However the network’s director of drama, Nick Elliott, was confident that the reduction in cash flow to £300 million a year would not have an impact on the quality of programming. He said: “It is just a matter of being smarter about what you commission. That’s not a bad thing.”
More from The Stage.

Brick Lane filming cancelled

Following protests from some local residents about the content of Monica Ali's novel Brick Lane, shooting of the film adaptation has been cancelled on the advice of police, reports BBC News.
Brick Lane Business Association chairman Mahmoud Roug told BBC News it was a "victory for the community".

Some members of the Bangladeshi community claim that the original novel, by Monica Ali, is "insulting".

The book is about a Bangladeshi woman sent to London for an arranged marriage.

Ruby Films is now seeking alternative locations for exterior scenes it had been due to film in the Brick Lane area this weekend.
In The Guardian last week Germaine Greer joined the debate. She's no fan of Ali, but says that all writers end up offending their subjects.
Writers are treacherous; they will sneak up on you and write about you in terms that you don't recognise. They will take your reality, pull strands from it and weave them with their own impressions into a tissue that is more real than your reality because it is text. Text is made of characters. A character is, as it were, graven in stone; when you are charactered you will last for ever, or pretty nearly, but what lasts will not be you. Every individual, every community ever to be written about suffers the same shock of non-recognition, and feels the same sense of invasion and betrayal.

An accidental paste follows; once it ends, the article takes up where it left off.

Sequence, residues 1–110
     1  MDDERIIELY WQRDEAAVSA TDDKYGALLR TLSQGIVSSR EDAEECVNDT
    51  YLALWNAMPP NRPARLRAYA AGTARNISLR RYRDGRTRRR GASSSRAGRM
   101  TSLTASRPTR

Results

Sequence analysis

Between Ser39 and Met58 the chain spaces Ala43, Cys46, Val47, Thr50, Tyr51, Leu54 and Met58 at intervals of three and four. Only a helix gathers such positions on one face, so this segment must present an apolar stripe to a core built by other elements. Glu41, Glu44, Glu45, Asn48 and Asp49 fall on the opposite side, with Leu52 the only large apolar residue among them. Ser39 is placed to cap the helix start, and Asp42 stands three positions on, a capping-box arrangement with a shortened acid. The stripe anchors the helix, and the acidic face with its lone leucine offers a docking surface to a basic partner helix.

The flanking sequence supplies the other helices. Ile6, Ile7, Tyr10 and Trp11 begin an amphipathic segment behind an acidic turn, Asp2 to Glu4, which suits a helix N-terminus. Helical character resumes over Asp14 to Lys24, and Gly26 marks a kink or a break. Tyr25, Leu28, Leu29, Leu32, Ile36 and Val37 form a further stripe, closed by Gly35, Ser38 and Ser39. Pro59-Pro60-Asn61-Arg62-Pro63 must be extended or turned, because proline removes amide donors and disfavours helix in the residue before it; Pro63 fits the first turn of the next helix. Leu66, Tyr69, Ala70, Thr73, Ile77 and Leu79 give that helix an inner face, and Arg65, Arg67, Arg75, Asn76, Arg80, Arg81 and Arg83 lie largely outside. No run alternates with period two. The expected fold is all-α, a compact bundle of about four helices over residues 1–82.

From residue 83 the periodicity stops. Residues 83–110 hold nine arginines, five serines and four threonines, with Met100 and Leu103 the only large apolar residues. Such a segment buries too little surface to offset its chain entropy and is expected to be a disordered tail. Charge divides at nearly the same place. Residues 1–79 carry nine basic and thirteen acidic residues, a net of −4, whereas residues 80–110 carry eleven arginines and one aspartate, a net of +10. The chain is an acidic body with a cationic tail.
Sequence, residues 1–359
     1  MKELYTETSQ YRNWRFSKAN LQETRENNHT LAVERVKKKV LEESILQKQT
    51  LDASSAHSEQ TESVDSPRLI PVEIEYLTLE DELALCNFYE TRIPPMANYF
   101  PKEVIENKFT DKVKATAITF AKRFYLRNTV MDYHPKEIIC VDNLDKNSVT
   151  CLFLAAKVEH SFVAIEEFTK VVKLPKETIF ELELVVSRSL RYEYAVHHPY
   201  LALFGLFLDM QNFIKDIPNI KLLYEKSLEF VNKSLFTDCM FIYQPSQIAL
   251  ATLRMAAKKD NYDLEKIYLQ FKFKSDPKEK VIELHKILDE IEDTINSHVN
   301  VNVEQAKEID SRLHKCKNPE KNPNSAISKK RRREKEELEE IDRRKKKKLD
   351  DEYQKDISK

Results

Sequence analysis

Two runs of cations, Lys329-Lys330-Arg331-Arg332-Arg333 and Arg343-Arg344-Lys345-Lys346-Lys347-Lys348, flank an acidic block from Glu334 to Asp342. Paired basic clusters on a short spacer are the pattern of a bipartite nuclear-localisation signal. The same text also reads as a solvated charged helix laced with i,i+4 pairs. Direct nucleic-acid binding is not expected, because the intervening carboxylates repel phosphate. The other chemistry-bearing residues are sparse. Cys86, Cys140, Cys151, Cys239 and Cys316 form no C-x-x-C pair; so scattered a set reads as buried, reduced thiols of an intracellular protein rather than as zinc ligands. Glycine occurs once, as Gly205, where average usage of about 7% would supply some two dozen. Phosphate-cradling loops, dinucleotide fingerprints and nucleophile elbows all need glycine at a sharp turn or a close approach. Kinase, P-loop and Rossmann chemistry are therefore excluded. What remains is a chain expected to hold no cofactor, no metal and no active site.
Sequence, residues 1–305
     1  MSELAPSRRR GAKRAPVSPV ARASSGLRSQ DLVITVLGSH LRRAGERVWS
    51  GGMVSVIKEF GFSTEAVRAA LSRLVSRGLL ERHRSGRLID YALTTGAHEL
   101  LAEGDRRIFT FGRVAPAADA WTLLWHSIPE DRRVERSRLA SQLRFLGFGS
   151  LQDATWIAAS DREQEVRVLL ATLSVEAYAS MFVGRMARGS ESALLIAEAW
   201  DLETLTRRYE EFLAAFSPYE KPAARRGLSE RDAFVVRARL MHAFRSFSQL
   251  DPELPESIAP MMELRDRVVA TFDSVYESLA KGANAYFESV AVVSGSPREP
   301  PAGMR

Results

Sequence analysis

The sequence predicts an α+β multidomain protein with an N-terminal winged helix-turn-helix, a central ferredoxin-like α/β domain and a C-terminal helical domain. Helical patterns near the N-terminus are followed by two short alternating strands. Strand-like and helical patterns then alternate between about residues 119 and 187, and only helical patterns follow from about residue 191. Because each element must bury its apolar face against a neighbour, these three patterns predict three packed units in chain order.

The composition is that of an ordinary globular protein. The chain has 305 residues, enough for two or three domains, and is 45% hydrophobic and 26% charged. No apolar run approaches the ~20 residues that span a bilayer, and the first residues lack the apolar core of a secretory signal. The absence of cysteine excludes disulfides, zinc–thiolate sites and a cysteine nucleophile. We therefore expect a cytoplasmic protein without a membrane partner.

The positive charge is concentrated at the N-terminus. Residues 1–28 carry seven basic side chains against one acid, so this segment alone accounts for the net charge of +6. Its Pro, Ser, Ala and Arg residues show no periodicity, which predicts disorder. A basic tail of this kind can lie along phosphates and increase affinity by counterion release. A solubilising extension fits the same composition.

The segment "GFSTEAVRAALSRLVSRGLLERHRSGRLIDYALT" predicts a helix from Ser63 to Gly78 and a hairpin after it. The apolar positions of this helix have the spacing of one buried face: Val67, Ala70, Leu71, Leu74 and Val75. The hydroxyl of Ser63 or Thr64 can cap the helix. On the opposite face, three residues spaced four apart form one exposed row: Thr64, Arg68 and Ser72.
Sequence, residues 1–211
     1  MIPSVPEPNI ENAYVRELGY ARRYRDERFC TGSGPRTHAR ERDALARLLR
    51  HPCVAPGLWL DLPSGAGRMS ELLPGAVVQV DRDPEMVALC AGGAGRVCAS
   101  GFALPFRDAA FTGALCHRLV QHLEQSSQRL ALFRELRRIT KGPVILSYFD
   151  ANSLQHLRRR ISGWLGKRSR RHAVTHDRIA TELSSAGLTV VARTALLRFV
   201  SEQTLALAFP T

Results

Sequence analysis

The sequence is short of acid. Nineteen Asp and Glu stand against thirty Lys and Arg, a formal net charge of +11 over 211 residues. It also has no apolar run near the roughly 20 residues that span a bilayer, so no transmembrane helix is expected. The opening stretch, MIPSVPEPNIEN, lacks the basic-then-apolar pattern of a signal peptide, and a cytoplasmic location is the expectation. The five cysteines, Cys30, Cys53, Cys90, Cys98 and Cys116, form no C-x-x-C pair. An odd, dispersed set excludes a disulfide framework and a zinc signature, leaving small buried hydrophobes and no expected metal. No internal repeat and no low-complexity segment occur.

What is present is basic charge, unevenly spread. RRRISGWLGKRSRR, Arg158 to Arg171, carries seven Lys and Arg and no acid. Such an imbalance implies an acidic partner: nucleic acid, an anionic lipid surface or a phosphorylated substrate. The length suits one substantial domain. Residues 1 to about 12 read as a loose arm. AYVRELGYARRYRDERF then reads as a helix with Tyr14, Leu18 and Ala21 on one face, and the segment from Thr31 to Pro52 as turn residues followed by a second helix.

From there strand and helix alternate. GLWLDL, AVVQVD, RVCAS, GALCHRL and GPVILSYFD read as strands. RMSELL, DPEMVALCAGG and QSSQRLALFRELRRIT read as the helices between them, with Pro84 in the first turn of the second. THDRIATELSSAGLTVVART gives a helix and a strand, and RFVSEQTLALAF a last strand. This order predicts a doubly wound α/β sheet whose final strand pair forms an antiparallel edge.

(By the way, when did "charactered" become a word?!)

Thursday, July 27, 2006

Ken Levine's worst script

Comedy writer and blogger, Ken Levine (MASH, Cheers, Frasier etc) remembers his and co-writer David Isaacs's worst ever script, written for a cancelled series with the sole aim of securing a payment.
We normally write scripts by dictating them to our assistant...Having done this for so long we can usually write a half hour episode in three to five days. We called our assistant into the office and told her we were going to write a script before lunch. It was 11:30.

Rona Munro interview

Playwright Rona Munro talks to Lyn Gardner in The Guardian.
Rona Munro is worried. For the first time in her 20-plus years as a playwright, things are going swimmingly - but instead of celebrating, she says: "I'm really worried that I'm doing so well that I'll be punished and it will all fall apart." She breaks into laughter and shakes her head. "That's such a Scottish thing to say. I just can't help myself."